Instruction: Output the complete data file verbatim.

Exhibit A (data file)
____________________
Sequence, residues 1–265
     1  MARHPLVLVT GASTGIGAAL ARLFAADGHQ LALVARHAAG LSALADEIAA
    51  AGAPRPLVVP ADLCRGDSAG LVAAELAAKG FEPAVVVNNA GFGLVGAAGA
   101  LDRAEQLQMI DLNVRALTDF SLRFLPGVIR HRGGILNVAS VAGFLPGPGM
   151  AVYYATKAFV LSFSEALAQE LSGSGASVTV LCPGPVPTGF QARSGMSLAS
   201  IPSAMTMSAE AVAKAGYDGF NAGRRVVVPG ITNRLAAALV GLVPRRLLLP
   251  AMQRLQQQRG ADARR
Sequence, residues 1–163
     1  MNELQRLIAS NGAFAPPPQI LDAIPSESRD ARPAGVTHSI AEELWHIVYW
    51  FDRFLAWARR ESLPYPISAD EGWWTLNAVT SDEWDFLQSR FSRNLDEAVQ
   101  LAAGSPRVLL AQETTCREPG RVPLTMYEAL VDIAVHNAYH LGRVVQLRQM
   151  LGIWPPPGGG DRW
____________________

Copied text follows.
Sequence, residues 1–265
     1  MARHPLVLVT GASTGIGAAL ARLFAADGHQ LALVARHAAG LSALADEIAA
    51  AGAPRPLVVP ADLCRGDSAG LVAAELAAKG FEPAVVVNNA GFGLVGAAGA
   101  LDRAEQLQMI DLNVRALTDF SLRFLPGVIR HRGGILNVAS VAGFLPGPGM
   151  AVYYATKAFV LSFSEALAQE LSGSGASVTV LCPGPVPTGF QARSGMSLAS
   201  IPSAMTMSAE AVAKAGYDGF NAGRRVVVPG ITNRLAAALV GLVPRRLLLP
   251  AMQRLQQQRG ADARR
Sequence, residues 1–163
     1  MNELQRLIAS NGAFAPPPQI LDAIPSESRD ARPAGVTHSI AEELWHIVYW
    51  FDRFLAWARR ESLPYPISAD EGWWTLNAVT SDEWDFLQSR FSRNLDEAVQ
   101  LAAGSPRVLL AQETTCREPG RVPLTMYEAL VDIAVHNAYH LGRVVQLRQM
   151  LGIWPPPGGG DRW